Monday, 4 October 2010
Every year around Labor Day, I start to get that lovely, crisp 'back-to-school' feeling. I've always loved going back to school--shopping for new school clothes and checking off the supply list, meeting all your classmates & teachers on the first day, figuring out who to sit with, etc.
This fall's been a bit different, and it's a long way from picking up colored pencils and glue sticks at the start of first grade. I've got fancy moleskine notebooks, 4 GB flash drives (which weren't on the supply list even when I was in high school), and a netbook with wireless internet connectivity. My new textbooks aren't 'required'--I'm making up the reading list.
The only thing that's really the same: the nerves. This afternoon, I'm speaking with the director of the Fulbright awards programme in London. He wants to hear about my research aims before I contact his scholars for interviews. This all sounds very high-brow and exciting, and it's all I've ever wanted--to be an academic and get to talk to people like this. So part of me is thrilled, the PhD student part of me couldn't be happier. But the other side, the little-kid-in-first-grade part of me--well, it's terrified. How did this happen? Since when am I qualified to talk to anybody about my research? When I did book reports in school and made dioramas and posters, there wasn't any programme director asking me about my research. This is just some topic I'm interested in, and I found some great supervisors, and now I'm here...My third day of the PhD and I'm already expected to talk about 'my research aims'...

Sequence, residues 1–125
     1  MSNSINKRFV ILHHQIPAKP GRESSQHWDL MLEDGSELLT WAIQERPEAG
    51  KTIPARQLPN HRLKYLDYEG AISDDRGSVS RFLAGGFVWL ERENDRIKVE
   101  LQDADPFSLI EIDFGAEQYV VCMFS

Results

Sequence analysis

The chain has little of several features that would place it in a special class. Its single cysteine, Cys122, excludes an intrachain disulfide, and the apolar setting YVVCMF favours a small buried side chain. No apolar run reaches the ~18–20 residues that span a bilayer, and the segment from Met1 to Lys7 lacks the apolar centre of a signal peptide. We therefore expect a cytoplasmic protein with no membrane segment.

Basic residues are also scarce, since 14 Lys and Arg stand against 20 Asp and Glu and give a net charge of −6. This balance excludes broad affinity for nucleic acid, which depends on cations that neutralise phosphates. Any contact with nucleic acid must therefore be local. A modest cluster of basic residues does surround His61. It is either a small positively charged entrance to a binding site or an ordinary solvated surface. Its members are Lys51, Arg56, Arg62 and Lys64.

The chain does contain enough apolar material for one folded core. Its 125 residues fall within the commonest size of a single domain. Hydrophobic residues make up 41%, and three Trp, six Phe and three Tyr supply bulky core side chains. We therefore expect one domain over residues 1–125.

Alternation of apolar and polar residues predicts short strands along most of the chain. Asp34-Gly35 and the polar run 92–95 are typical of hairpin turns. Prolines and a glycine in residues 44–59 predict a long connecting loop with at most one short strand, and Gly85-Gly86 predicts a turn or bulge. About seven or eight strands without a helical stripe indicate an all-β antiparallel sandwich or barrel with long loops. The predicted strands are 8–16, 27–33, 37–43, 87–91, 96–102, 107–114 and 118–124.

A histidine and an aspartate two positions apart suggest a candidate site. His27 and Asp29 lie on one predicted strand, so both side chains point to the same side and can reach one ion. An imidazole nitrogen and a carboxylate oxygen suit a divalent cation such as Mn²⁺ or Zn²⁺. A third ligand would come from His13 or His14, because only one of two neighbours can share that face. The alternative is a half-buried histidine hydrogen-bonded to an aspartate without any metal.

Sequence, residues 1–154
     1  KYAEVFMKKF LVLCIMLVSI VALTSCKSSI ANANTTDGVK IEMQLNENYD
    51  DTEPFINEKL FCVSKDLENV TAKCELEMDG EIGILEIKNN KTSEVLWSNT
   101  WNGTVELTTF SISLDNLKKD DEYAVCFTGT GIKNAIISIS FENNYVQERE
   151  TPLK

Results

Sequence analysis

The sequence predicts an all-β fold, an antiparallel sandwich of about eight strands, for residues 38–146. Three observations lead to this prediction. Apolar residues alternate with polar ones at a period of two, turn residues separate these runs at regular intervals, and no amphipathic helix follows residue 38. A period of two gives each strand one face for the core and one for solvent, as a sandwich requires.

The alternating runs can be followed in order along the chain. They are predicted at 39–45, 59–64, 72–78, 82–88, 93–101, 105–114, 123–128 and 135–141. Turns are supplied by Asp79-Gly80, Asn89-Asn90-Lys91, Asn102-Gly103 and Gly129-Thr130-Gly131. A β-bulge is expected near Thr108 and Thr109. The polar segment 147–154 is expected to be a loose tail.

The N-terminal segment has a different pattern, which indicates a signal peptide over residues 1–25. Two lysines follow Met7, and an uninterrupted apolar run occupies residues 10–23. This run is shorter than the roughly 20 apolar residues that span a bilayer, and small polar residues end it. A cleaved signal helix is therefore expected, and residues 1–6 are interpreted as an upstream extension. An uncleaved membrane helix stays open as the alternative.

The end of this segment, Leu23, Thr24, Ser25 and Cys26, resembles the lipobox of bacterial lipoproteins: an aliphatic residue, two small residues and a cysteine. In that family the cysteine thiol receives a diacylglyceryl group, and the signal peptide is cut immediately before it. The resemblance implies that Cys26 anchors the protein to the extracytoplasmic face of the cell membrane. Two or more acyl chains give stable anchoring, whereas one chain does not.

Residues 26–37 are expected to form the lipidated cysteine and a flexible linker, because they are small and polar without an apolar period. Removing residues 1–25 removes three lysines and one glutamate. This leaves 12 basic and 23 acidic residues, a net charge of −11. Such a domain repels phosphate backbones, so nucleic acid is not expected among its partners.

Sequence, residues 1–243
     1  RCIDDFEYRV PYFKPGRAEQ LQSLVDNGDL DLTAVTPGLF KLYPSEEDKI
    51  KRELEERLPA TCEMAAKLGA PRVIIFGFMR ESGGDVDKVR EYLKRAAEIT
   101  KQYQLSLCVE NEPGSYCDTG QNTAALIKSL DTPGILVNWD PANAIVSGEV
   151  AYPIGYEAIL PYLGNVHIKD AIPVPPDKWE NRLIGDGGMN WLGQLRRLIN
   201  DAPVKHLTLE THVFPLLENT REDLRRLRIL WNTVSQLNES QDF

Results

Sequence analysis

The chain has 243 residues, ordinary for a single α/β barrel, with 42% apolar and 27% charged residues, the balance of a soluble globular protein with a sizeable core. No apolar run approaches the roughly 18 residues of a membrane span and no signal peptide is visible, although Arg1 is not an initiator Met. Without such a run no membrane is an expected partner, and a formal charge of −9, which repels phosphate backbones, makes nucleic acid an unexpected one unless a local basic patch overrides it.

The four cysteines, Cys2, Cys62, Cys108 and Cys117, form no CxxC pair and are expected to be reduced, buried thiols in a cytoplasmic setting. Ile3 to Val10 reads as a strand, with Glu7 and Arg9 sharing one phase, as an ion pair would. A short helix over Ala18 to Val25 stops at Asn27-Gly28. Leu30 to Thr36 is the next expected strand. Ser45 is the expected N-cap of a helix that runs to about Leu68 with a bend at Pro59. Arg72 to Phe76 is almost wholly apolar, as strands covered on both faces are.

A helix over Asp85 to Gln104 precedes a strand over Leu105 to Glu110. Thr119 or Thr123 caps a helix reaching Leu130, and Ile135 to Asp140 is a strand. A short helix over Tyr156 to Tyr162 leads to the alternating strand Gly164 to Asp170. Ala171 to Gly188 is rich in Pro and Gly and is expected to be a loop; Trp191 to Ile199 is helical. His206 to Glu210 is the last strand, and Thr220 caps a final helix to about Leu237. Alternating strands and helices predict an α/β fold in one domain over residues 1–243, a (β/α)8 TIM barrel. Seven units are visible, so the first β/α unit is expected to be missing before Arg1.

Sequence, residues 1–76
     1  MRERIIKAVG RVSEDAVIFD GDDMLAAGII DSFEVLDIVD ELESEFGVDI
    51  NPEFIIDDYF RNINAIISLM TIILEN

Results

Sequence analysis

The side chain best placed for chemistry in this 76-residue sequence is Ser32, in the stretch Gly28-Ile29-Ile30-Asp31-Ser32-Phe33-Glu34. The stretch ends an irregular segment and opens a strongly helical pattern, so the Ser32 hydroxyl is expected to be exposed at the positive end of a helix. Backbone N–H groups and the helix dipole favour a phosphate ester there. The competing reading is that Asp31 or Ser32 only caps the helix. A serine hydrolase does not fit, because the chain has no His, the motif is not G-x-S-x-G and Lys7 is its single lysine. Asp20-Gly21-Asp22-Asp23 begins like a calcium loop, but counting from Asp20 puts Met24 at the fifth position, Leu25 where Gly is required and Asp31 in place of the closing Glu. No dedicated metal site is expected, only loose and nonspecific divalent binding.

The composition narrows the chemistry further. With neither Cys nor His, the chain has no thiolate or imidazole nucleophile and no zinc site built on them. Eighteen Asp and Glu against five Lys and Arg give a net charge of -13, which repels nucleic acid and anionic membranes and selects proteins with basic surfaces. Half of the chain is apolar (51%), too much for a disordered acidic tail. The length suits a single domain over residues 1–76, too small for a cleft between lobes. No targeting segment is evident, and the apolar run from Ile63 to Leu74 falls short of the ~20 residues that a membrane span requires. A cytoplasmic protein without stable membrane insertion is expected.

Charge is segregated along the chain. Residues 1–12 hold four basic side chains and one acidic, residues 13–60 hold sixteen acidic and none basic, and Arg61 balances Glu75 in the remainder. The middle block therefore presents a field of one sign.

Before I went to England for the first time, on an exchange program at the University of Bath, I was really excited but very nervous. So nervous, in fact, that I threw up. Right there in the Starbucks parking lot as I was enjoying a good-bye coffee with my best friend. I felt better immediately, and I'll always remember her advice. As I fretted about meeting new people and making friends, she said "Relax. People always like you, because you're smiley and fabulous. They won't know what hit 'em."
And it was true--I had an amazing time, met some great people, and really fell in love with England. And England really loved me back. I found my niche, and my area of interest. So now, as I wait for that phone call, I just need to remember--I'm in my zone. I'm living the dream. This is my research, and I own it.
Update: The conversation went fine. I really had no reason to be that nervous. Am meeting up with a Fulbright student next Monday!